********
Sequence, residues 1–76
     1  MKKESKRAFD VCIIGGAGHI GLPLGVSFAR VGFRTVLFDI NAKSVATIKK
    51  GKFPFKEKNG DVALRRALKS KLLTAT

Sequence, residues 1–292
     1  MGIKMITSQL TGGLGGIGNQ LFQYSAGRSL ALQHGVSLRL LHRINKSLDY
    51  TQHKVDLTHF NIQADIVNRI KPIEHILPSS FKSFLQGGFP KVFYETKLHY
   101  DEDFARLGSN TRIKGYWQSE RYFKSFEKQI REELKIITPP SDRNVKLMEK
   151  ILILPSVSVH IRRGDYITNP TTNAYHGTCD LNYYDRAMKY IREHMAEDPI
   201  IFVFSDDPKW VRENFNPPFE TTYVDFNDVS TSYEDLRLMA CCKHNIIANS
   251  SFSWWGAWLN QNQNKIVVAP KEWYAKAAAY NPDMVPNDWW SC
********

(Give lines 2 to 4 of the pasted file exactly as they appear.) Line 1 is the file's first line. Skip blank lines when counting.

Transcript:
     1  MKKESKRAFD VCIIGGAGHI GLPLGVSFAR VGFRTVLFDI NAKSVATIKK
    51  GKFPFKEKNG DVALRRALKS KLLTAT

Sequence, residues 1–292